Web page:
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Growing Up Adventist: Faith and Science


I am an Adventist amalgamation of my grandfathers.  One was a second-generation Adventist pastor, evangelist, and chaplain.  The other was a convert to Adventism while working as a machinist at the Brookhaven National Laboratory and a lifelong enthusiast of Scientific American.  

As a young child, my proclaimed vocational aspiration was to be a, Preacher-man like Bampaw.”  From him, I learned a love for religion and in particular, Seventh-day Adventism.  His deep baritone sermons inspired hope for a better future.  The last sermon I remember hearing him preach was an impromptu response to a question of what Adventists believe.  Opening with, Seventh-day Adventists follow Jesus example in all things…”  He went on to describe each of our unique beliefs and practices in light of Jesuss teaching and example.  He taught me the Bible stories, helped me follow Jesus through Bible studies, and baptized me into the faith.  He had a wonderful sense of humor declaring ice-cream to be his favorite fruit and loved to laugh until tears rolled down his cheeks.  He lived a life of love, grace, and faithfulness.  He defined Adventism.

But there was a dark side to the religion I learned from him.  The beastly statues in his study haunted my nightmares while warnings of an imminent time of trouble terrorized my waking hours.  Discussions of others often included whether they were in or out of the church reinforcing an us versus them mentality.  Since we had the truth, the worst critiques were reserved for heretics who dared to question the foundations of orthodoxy or express beliefs differing from a conservative interpretation.  He warned of the slippery slope which would entrap heretical questioners of Ellen White, the investigative judgment, and young earth creation into an atheistic abyss.  This was the very slope which claimed the faith of his brother who had also been an Adventist pastor.

In childhood, I called my other grandfather Pop Pop.”  Pop Pop was a heretic.  As a machinist at Brookhaven National Laboratory, he developed an instrument to measure and align massive magnets which enabled them to fine tune what was then the worlds highest energy particle accelerator.  His work there among some of the most brilliant particle physicists of the day inspired a lifelong love for scientific discovery and technology.  With infectious fanaticism for the latest discoveries in string theory, quantum physics, and cosmology, he cheered on scientists nearly as enthusiastically as his beloved Yankees.  Unfortunately, this also meant that he accepted the scientific evidence for an ancient universe and the evolution of life on earth.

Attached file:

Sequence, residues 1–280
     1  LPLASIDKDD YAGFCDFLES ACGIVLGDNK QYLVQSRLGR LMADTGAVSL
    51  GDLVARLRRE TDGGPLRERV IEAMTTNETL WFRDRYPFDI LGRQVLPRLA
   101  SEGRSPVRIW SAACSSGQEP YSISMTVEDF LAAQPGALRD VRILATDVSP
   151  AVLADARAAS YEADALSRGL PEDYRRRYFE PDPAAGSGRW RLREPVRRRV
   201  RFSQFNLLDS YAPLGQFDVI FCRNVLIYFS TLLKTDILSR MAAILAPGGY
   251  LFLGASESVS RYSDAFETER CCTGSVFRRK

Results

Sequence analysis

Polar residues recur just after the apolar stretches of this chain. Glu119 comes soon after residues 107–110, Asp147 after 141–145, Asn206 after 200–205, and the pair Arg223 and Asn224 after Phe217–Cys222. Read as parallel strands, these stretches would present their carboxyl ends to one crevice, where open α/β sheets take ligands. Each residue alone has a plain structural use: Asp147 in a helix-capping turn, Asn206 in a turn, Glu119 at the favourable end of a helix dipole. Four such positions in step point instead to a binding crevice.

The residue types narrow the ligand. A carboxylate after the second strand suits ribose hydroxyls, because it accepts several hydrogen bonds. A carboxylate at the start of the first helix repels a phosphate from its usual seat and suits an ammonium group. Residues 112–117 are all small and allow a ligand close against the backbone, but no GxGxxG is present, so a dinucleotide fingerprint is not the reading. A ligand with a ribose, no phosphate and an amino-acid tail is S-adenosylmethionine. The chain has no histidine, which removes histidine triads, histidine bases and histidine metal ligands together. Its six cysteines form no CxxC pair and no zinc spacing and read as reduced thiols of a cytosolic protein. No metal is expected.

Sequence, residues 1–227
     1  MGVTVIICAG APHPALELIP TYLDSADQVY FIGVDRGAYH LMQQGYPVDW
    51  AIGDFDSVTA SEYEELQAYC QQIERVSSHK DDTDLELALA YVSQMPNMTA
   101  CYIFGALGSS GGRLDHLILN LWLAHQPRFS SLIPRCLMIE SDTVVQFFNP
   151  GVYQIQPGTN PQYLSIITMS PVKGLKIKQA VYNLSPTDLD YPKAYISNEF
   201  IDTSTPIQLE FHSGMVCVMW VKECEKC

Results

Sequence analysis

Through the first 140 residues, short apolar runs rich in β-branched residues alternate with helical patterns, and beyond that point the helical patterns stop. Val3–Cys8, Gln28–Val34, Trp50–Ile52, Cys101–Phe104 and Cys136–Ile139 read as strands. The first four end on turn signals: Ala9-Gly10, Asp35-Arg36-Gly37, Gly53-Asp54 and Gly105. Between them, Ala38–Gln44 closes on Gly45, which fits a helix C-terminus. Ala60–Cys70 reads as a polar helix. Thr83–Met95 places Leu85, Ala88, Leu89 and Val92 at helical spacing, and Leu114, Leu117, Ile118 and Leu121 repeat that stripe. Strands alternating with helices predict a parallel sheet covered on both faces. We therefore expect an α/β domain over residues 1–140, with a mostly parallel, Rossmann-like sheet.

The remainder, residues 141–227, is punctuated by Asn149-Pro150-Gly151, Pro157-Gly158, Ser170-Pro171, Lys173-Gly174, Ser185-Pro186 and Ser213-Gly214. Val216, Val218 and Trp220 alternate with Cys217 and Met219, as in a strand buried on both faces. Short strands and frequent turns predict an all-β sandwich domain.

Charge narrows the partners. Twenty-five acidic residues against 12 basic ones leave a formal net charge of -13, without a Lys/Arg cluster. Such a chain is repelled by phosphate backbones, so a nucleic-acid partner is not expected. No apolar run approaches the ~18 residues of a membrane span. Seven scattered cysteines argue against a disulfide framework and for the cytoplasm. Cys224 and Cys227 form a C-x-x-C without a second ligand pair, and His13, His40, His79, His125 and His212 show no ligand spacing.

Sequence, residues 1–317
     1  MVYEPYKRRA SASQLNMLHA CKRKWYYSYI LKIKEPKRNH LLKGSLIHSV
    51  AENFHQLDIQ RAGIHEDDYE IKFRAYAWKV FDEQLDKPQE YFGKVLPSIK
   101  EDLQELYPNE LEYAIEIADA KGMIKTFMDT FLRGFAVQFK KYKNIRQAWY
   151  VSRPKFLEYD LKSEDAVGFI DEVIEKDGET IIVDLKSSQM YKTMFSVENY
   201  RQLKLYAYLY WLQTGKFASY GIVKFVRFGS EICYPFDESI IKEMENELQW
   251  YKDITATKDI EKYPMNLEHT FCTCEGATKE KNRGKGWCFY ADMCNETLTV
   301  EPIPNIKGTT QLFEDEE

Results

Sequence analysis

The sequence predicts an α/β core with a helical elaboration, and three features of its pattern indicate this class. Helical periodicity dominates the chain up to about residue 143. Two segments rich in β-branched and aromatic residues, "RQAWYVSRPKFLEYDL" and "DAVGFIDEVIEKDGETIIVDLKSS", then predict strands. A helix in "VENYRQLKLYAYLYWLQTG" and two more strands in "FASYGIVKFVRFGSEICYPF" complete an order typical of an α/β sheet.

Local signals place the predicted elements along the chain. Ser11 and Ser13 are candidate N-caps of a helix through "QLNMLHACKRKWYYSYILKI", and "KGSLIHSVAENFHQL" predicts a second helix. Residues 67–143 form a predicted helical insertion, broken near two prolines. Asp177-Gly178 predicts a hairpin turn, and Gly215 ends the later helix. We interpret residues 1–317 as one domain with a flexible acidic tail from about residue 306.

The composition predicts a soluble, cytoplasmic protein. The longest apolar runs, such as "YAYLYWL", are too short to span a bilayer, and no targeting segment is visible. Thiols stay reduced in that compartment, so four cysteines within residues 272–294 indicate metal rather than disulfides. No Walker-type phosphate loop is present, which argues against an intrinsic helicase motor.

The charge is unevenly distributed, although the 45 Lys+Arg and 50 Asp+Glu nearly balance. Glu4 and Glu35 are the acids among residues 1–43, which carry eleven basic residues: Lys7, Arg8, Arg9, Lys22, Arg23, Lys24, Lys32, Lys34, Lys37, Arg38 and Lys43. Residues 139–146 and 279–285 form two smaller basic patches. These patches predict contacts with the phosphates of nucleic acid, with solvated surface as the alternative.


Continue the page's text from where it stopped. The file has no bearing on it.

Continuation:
He approached religion from an evidence-based perspective, joining the Seventh-day Adventist church after a failed attempt to disprove the seventh-day sabbath.  Yet, I saw him as a nominal Adventist.  While he attended church regularly, he kept his religious opinions to himself, likely a trait of necessity given his heretical ideas.  So, we never discussed religion and instead spent time together laughing at the three stooges, hand crafting furniture in his workshop, marveling at the wonders of the universe, and sharing turkey at Thanksgiving.  

It is tempting to label “Bampaw” my religious grandfather and “Pop Pop” my scientific grandfather.  At the time that split would have seemed right.  Back then, I defined Adventism with a single conservative story.

Later in college I nearly followed my childhood aspiration to become a pastor when Dwight Nelson made a vespers call for multi-generational Adventists to go into the ministry.  However, the religion I had learned from my grandfather and over 12 years of Adventist education taught me that we had the truth all figured out.  I thought there was nothing new to add.  A lifetime trying to figure out new ways to rephrase the same old story sounded exhausting.  Instead, I decided to invest my efforts where I could explore new and unique ideas, contribute to an ever expanding field of knowledge, and make a positive impact on people’s lives.  The fact that I didn’t think these attributes could apply to becoming a pastor is a failure of biblical proportions.